You’re probably familiar with the importance of credit scores.
Lenders and stores use your credit score(s) to decide whether or not to extend credit to you. They also use them to decide what interest rate to charge you on a loan or credit card, as well as the credit limit. And even whether to require a deposit when opening a new account.
But with all the different credit scores out there, which ones really matter?
By far, the most common credit scores in use today are FICO scores. Credit scoring involves using a mathematical formula to come up with a number (between 300 and 850) based on the information in your credit report. It gives lenders an idea of what kind of credit risk you are.
Roughly 90% of lenders use FICO scores when deciding whether to approve you for a loan, credit card or other credit. In addition, there are FICO score versions specific to different industries. For example, auto lenders use a FICO scoring model designed specifically for them. Credit card companies use other FICO models. So do mortgage lenders.
You can find out your FICO scores (one for each of the major credit reporting companies – Experian, TransUnion and Equifax) by going to myfico.com. The benefit is you’ll get to see a score that‘s comparable to what lenders see. The downside is it costs money. You can get one of your FICO scores and credit report for $19.95. Or you can get all three for $59.85. (We recommend you start with a single report from Experian. We find that they are usually the most complete and accurate among the three.)
If all you want to do is see what is on your credit reports, head on over to annualcreditreport.com. You can download a free copy of the data on one, two, or all three of your credit reports once each year. Check out this article to see how to spread out your downloads to check your reports for free for the rest of your life!
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Where it gets confusing is that other companies have their own versions of credit scores. These are not the same as FICO scores. And most lenders and merchants do not use these scores. Let’s take a look at some of them …
VantageScore. Experian, Equifax, and TransUnion worked together to develop a different credit scoring model called VantageScore. These scores can be accessed directly through Experian’s and TransUnion’s website. However, these scores, which use a different mathematical formula than FICO, are not generally used by lenders.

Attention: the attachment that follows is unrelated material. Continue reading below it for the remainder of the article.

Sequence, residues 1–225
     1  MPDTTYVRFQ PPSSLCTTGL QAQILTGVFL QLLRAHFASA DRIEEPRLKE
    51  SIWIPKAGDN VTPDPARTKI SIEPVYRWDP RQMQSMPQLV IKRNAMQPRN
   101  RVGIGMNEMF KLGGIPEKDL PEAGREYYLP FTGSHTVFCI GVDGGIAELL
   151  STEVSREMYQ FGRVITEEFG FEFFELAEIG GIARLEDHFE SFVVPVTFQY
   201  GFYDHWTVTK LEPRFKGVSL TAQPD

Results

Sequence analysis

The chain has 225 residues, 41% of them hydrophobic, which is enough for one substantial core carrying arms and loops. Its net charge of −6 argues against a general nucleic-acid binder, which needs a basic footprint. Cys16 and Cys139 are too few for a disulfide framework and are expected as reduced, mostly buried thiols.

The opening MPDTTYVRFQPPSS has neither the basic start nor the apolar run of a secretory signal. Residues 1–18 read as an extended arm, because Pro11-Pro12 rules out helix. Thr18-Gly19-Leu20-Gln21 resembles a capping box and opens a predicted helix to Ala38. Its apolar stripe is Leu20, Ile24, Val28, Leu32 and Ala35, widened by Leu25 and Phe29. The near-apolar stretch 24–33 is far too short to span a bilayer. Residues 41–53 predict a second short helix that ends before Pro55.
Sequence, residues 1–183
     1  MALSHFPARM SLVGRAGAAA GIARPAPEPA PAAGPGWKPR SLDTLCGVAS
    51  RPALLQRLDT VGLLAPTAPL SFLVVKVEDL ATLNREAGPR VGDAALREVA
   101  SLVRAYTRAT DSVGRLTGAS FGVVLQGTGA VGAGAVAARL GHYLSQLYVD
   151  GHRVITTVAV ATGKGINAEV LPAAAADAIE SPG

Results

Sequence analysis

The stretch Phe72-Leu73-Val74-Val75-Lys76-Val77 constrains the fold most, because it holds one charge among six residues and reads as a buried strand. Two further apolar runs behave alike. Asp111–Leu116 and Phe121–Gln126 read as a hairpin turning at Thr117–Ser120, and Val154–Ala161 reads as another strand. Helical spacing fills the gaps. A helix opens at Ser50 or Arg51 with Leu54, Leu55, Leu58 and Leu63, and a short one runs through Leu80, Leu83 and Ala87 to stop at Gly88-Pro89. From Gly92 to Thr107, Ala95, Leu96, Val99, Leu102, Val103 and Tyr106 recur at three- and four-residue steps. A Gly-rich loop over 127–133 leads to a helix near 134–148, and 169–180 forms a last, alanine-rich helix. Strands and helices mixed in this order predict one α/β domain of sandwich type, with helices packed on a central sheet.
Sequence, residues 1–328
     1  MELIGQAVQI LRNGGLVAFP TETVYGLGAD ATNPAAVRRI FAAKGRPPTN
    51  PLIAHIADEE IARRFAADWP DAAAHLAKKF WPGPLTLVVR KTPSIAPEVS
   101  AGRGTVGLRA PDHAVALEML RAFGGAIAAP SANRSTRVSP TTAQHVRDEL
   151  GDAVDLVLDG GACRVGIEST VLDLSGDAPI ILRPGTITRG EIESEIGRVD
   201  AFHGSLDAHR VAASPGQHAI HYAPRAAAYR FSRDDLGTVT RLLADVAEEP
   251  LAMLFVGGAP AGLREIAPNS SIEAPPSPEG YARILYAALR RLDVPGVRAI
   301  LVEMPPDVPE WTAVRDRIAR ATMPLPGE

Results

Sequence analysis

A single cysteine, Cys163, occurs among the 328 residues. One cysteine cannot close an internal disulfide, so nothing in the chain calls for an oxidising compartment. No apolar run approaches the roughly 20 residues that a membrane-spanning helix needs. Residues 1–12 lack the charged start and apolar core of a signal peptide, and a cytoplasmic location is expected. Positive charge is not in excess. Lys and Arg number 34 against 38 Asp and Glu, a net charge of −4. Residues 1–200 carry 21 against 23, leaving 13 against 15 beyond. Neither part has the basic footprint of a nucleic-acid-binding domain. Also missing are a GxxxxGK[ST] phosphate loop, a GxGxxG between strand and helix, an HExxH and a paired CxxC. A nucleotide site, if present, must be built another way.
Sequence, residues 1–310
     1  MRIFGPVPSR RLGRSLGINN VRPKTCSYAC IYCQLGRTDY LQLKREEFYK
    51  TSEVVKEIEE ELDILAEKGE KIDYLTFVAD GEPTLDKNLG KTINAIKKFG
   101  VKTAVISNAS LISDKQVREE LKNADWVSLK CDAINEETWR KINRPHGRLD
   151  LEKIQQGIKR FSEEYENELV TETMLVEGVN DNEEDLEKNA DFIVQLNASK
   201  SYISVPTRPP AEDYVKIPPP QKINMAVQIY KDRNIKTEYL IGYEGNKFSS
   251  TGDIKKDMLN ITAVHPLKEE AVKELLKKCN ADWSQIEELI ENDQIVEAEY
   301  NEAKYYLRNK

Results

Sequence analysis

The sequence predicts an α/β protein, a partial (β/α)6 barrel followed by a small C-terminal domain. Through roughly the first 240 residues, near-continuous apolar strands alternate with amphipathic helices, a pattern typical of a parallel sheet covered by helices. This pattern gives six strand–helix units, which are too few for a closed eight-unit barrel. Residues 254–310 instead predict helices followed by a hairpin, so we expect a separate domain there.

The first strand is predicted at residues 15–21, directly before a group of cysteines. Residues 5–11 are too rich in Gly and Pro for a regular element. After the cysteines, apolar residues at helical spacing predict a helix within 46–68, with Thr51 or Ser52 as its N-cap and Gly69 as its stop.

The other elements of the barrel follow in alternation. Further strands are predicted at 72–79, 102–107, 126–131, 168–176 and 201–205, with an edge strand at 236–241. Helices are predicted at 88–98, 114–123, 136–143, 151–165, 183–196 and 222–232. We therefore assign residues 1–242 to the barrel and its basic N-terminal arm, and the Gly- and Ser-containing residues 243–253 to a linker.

Educational Scores. A number of personal finance websites offer free credit scores as part of their educational services. Examples include Credit Karma, Credit Sesame and Quizzle. Many of these use the VantageScore model. As above, lenders do not use these credit scores. But they do have some usefulness. They’re somewhat similar to FICO scores, so they can give you an idea of where your credit stands. And tips for how you can improve it.
The Bottom Line
If you’re applying for a loan, credit card or something else where the company will look at your credit scores, they’ll probably check one or more of your FICO scores. In this case, you could look at your FICO scores first, see which one is highest, and then go with the lender that uses the score from that particular credit reporting company. This will maximize your chance of getting approved and getting a good interest rate too.
(Don’t know what credit reporting company your prospective lender uses? Call them and ask! They’ll probably be more than happy to tell you.)
On the other hand, if you’re just working on improving your credit scores, the educational score providers can be a good resource. They’re free. They’ll give you an idea of where you stand. And combined with the information you can get from annualcreditreport.com, you’ll have everything you need to begin building your credit in earnest.
If you would like to learn more about credit scores, join us for our live weekly credit education conference call every Monday evening at 7:30 pm eastern by calling 712-432-0075 and entering pin 678778#.
What do you think? Any comments or questions about credit scores? Tell us your thoughts and ask your questions below.
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This information is intended for informational and educational purposes only and not as legal advice. If you have concerns about your credit report, harassment, identity theft, illegal collections activity, garnishments, or property liens, you should consult an attorney who specializes in consumer rights and defense.